Having to tow the broken-down vehicle out, it was an early start the following morning. With a vehicle in front for the ascents and one at the rear to act as a brake when descending, it was an amazing achievement to get out from where we were. In the meantime, the rest of the group, led by Mick and Maxine, moved onto King River Hut for morning tea. It was then up to Craigs Hut, probably the best-known hut in the High Country. It was here the legendary Man from Snowy River was filmed way back in 1982. The hut has been rebuilt twice, once after it fell into disrepair and again after been razed by wildfire.
From Craigs Hut we followed Clear Hills Track where we were lucky enough to see the best scenery for the week. Along
The camp for the night was at Bindaree Campground where there is a hut bearing the same name, which the author is convinced is the smallest wooden hut in the area. Rather than having to pack up the next morning, we elected to spend two nights here.
The rain came early on the Wednesday morning, but it didn’t dampen our spirits and by mid-morning, with Mark and Deb up front, we headed out to visit both Bluff and Lovicks huts. As we neared Bluff Hut, the weather rapidly deteriorated as cloud descended on the mountain, reducing visibility to just metres.
With the weather so dismal, we got a fire going in Lovicks Hut and enjoyed lunch there. Once the worms were satisfied, we returned to Bindaree and lit another fire in the hut and all squeezed in for the afternoon and evening. Amongst the group were a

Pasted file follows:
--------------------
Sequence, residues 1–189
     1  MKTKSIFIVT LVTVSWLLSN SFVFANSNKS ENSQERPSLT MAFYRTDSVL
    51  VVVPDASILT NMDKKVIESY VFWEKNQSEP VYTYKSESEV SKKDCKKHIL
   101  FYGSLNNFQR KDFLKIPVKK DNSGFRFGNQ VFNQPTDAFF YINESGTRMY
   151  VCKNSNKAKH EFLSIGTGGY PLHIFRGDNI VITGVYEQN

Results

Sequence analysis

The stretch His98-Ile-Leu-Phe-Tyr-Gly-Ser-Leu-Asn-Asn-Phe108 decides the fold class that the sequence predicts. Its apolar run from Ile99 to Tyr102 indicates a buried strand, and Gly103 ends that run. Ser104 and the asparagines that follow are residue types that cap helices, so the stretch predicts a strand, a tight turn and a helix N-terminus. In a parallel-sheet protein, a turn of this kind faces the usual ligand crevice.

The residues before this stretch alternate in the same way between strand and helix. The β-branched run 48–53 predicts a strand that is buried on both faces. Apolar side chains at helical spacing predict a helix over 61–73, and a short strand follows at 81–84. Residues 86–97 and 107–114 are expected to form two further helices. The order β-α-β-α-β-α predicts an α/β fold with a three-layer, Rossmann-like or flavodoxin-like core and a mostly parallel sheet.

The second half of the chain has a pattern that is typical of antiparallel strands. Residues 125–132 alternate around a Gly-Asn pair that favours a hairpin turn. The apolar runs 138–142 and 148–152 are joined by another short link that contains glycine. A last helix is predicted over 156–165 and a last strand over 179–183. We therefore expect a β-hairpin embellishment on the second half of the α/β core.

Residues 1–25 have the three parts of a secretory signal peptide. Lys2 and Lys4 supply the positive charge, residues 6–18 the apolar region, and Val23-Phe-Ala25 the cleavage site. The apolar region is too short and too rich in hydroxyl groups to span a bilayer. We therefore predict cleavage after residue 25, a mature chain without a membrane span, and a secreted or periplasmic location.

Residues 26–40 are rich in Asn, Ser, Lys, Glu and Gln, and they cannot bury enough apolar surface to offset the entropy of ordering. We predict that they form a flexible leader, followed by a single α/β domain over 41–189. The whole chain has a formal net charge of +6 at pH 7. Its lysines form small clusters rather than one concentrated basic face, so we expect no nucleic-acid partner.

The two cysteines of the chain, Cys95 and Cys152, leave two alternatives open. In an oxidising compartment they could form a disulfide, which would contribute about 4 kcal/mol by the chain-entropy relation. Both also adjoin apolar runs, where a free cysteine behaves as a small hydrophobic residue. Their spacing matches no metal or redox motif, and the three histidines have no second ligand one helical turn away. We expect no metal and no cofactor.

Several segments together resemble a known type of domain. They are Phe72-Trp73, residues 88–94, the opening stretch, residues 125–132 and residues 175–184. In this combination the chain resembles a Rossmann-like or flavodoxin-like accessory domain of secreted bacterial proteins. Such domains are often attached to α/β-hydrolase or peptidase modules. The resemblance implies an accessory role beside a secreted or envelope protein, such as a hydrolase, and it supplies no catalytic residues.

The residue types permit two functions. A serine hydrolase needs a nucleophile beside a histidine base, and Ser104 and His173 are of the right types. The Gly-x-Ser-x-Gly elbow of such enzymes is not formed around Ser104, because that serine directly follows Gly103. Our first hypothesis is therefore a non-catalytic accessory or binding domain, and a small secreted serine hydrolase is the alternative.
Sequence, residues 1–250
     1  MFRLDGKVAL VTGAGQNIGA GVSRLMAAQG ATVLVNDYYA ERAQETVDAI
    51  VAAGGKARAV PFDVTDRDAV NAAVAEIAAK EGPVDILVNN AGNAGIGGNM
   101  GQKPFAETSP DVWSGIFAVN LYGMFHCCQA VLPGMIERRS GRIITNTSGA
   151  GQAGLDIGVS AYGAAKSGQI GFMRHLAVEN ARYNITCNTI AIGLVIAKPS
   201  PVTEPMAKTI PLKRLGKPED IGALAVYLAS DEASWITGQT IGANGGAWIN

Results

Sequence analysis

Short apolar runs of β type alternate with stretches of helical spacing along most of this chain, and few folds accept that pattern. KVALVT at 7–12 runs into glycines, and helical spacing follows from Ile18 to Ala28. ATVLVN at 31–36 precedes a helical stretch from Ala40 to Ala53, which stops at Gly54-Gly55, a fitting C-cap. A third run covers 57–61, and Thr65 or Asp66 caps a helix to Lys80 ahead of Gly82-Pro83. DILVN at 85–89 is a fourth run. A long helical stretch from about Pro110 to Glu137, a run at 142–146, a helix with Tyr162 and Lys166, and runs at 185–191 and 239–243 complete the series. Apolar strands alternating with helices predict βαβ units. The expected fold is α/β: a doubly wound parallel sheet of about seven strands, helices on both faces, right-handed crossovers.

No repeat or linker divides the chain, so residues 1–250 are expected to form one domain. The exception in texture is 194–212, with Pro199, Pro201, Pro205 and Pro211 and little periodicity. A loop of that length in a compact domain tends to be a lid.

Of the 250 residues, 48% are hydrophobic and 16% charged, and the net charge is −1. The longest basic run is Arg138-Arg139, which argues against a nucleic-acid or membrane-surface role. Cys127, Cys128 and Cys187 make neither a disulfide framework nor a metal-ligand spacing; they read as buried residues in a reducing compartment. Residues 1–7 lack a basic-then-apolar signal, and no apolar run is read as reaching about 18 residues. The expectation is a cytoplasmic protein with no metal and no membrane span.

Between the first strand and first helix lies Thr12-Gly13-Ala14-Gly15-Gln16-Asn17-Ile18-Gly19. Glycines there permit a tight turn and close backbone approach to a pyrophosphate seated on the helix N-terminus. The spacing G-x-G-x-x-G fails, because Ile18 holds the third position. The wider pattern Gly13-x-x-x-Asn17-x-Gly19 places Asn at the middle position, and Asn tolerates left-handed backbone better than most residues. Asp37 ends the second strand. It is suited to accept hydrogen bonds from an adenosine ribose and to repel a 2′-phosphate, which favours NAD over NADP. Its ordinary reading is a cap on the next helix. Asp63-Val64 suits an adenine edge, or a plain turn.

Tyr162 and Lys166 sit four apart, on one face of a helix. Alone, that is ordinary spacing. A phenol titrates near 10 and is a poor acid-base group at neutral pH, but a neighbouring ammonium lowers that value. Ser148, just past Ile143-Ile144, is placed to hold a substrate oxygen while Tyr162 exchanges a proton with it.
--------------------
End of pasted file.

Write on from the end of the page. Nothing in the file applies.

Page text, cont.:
The weather hadn’t improved by Thursday morning and back on the road we made our way to Razorback Hut, stopping along the way to walk into Bindaree Falls which, after the rain, was cascading beautifully.
On arrival at the hut, we soon had another fire underway before most of us took a drive to No 3 Refuge Hut. Back at Razorback, we enjoyed the best night of the trip, mainly due to not having to put tents up in the elements as there was space to sleep in the hut. Nature did its bit to entertain us by putting on a spectacular lightning and thunder show. For entertainment, we had music playing, singing and more poetry.
On Friday morning, we headed out to Pineapple Flat before tackling probably the most challenging track for the week. Wildhorse Track has everything a 4WDer would want, with ruts, rough sections, amazing scenery, very steep climbs and descents. Following the rain it was quite slippery in some sections.
The group returned to Harrietville via the Wandiligong Pub and a fantastic night unfolded in the Snowline Hotel where each participant was recognised for their contributions throughout the week. Everyone acknowledged what a great week it had been, new friendships were formed, and commitments to return for future tours were confirmed.
The next Drive4Life tour is to the Flinders Ranges, Corner Country and Tibooburra, starting and finishing in Broken Hill. The dates are September 1 to 8, 2019, and it’s also open to AWD vehicles. For details go to: www.drive4life.com.au